Diabetes and your Mouth – There is a Connection!

by Dr. Chelsea Mason

It is widely known that Type I and Type II Diabetes can harm and affect the eyes, nerves, limbs, heart and other important systems in the body. But did you know that having diabetes can also cause problems with your teeth, gums and jaw bone?  Many people do not realize the negative effects of diabetes on the mouth if not properly controlled. The effects of diabetes on the mouth is not frequently discussed and needs to be brought to the forefront. Let’s learn more!     

People with diabetes have a higher chance of being diagnosed with periodontal (gum) disease.  Periodontal disease is a condition in which the gum and bone that hold the teeth in place is infected. Periodontal disease often leads to pain, abscessed teeth, bad breath, chewing difficulties, bone loss, shifting of the teeth and eventual tooth loss. Diabetics have a compromised immune system and typically heal at a slower rate than non-diabetics; therefore, diabetes can interfere with the successful treatment of periodontal disease.

People with periodontal disease will need to receive specialized treatment from their dentist or hygienist, who may do a deep cleaning of your teeth or refer you to a periodontist for treatment. Your dentist may also prescribe a mouth rinse, prescription strength fluoridated toothpaste and encourage the use of an electric toothbrush.

Other problems diabetes can cause are dry mouth and an oral fungal infection called thrush. Thrush causes painful white patches in your mouth and can last for days. Dry mouth happens when you do not have enough saliva—the fluid that keeps your mouth wet. Dry mouth can cause soreness, ulcers, infections, and tooth decay (cavities) because the mouth is much more acidic without sufficient saliva flow. For dry mouth, a doctor or dentist may prescribe a rinse or medicine to keep your mouth moist.  Smoking makes these problems even worse.

To treat symptoms of thrush, your dentist may prescribe a rinse to kill the fungus that causes thrush. You may also need a special solution to clean dentures and partial dentures, if necessary.  Thrush can easily re-infect the mouth if not properly treated and managed.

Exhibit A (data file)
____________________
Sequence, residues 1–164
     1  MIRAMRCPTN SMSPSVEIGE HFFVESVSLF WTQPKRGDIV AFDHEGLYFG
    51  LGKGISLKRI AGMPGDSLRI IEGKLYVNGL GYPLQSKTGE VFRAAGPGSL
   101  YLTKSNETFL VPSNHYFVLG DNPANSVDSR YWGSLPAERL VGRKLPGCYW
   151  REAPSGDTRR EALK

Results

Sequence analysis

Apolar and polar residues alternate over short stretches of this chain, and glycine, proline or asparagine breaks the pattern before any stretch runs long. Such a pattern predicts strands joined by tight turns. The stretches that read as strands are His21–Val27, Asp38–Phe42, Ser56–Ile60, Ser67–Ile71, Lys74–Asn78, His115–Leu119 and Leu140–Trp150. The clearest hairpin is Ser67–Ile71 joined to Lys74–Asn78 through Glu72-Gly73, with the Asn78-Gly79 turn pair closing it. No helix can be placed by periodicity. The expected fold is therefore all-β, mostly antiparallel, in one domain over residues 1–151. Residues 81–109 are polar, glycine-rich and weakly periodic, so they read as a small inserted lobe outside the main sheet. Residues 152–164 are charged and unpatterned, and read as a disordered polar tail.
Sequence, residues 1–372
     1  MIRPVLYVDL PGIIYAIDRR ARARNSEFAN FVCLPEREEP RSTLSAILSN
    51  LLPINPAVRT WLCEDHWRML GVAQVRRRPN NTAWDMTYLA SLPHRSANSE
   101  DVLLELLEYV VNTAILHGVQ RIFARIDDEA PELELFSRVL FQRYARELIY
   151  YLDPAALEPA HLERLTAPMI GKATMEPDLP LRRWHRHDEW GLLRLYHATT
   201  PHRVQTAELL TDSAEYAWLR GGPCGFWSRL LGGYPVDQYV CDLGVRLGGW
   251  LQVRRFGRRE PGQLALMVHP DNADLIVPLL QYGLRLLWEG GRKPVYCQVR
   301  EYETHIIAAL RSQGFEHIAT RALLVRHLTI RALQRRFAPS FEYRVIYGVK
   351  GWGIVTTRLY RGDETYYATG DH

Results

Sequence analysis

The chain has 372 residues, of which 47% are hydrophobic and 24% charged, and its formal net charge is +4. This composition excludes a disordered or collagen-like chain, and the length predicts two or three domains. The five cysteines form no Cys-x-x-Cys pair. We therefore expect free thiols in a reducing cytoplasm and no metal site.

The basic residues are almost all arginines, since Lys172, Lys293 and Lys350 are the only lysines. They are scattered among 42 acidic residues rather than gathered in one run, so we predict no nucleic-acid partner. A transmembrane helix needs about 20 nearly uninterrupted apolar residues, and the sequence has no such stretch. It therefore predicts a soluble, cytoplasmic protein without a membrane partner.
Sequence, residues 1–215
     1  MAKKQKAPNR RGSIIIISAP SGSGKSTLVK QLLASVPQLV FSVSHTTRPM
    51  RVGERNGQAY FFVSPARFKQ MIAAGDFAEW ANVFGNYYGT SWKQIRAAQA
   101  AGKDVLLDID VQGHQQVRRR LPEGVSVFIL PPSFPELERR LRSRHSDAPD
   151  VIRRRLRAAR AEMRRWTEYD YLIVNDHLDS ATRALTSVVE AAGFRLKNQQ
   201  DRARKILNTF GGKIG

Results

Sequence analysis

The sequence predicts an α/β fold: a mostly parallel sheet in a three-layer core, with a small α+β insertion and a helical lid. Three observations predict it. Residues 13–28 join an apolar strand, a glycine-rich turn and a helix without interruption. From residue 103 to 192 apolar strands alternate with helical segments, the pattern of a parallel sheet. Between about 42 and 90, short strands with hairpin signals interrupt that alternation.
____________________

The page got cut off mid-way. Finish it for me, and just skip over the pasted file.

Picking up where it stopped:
If your diabetes is not well-controlled and not well-managed with a healthy diet, exercise plan and proper medication, then you are more likely to develop dental problems. Furthermore, having gum disease may make your blood sugar harder to control. The mouth and the body are connected!

If you have diabetes, be sure to take time to see your dentist and dental hygienist regularly to check for any dental problems. Oftentimes, diabetics notice that their gums appear puffy and bleed when they brush and floss. Others notice dryness, soreness, white patches, or a bad taste in the mouth. All of these symptoms are reasons to visit your dentist regularly and follow up with your physician about the management of your diabetes.

Proper blood glucose control is key to controlling and preventing dental issues. People with poor blood glucose control get gum disease more often and more severely than people whose diabetes is well controlled. If you have diabetes, be sure to:

  • Monitor and control your blood glucose levels
  • Brush twice a day with an electric toothbrush.
  • Floss daily.
  • Consider using a waterpick to flush out hard to floss areas
  • Visit your dentist for routine check-ups
  • Tell your dentist if your dentures do not fit well, or if your gums are sore, bleeding and tender.
  • Quit smoking. Smoking makes gum disease worse. Your physician or dentist can help you quit.